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8 Fun Ways To Celebrate The Holidays As A Family

By De and Kate

Whether you started decking your halls as the clock struck midnight on November 1st or you’re waiting until after Thanksgiving to put up your tree, the holiday season is officially upon us! Starbucks’ red cups have arrived, the Hallmark channel has begun its annual ‘Countdown to Christmas’ and we have visions of sugar plums, ahem, cookies dancing in our heads. 

That being said, between all the festive get-togethers, shopping, wrapping, cooking, and decor, November and December have a tendency to fly by and we’re fumbling through “Auld Lang Syne” before we know it. Today, we’re rounding up 8 family-friendly ways to ring in the holidays and make the most of the season! 

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See Its Magic

By Kate Kole

I love writing, baking, and yoga. So much so that in my early days of blogging, I had a site called Baking In Yoga Pants, combining my love for the three. I’ve dreamt of doing each full-time. Sitting down daily to write a novel, opening a bakery, running a studio. 

During my yoga teacher training, we did an exercise where we jotted down all the things we wanted for our future lives inside a circle, and all the things we no longer wanted outside its perimeter. Of course, writing, baking, and yoga found their way inside my bubble. As did my husband, kids, dogs, and a house with a fenced in yard. The whole vision combined to create my utopia.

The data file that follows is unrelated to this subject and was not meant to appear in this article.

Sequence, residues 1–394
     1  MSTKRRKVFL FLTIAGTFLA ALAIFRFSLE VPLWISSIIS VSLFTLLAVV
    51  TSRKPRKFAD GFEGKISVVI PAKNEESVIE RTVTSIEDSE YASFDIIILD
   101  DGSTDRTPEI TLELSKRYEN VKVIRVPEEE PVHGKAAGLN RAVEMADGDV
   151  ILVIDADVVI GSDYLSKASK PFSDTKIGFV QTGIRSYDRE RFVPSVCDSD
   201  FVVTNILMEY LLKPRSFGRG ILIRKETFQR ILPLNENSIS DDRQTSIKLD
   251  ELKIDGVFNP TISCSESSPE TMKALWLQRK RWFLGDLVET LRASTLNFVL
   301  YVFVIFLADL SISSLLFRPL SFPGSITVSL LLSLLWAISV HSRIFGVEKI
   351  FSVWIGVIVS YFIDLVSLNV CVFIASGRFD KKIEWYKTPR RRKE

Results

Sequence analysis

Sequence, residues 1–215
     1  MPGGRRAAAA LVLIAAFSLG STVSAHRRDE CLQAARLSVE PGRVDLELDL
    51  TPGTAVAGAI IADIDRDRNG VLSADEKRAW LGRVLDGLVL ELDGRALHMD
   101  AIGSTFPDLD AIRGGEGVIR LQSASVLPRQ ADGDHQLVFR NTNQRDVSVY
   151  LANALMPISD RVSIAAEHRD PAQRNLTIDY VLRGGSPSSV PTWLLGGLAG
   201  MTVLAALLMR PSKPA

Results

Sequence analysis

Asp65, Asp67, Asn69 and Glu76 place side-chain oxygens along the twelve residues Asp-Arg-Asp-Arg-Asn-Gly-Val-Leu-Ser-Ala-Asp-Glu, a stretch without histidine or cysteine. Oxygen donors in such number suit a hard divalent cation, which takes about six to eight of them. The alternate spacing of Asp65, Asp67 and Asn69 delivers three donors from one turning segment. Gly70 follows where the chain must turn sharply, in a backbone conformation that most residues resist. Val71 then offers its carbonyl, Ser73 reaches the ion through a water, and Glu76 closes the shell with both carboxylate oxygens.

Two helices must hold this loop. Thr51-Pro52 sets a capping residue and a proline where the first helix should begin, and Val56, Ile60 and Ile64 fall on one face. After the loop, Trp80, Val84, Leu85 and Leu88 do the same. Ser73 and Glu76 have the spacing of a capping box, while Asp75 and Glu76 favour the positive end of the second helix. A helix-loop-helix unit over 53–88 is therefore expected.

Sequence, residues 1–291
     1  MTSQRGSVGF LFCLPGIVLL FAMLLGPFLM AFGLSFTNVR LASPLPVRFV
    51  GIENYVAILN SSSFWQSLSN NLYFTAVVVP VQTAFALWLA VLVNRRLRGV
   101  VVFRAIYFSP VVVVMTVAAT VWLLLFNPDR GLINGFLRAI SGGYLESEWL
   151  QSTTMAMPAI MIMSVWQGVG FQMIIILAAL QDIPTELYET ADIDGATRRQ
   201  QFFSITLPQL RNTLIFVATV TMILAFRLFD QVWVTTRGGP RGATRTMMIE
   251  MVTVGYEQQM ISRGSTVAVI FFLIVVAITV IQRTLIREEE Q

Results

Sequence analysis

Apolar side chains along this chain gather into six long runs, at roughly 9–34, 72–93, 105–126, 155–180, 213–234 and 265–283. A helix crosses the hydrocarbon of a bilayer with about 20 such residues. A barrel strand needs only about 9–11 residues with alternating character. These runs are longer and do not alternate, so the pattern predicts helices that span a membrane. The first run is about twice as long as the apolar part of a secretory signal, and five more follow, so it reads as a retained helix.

The family and the home are part of my reality now. And yet, all too often, I find myself taking for granted those things I once dreamt of having. I get caught up in the everyday shuffle that comprises this chapter of life and am so busy looking down at the high chair that needs to be wiped, the floors that need to be vacuumed, the dog food bowls that need to be filled, and the laundry that needs to be folded, that I forget to look around. At the family we’ve created, the walls we’ve filled with memories, the traditions we’ve established, and the house that has become our home. 

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Is This The Bully Generation?

By Catherine Miele

Growing up in the 90s, I experienced my fair share of schoolhouse and playground “politics.”

I was bookish and introverted – often asked by my more extroverted and raucous peers, “why don’t you talk?” (Spoiler: I did talk and still do, though I usually find comfort in being the quiet observer rather than the vocal center.)

I stood back, afraid to speak up, I suppose, when classmates tied a less-popular boy to a tree with a jump rope (no physical harm done, although I can’t speak on any emotional toll) for their own entertainment.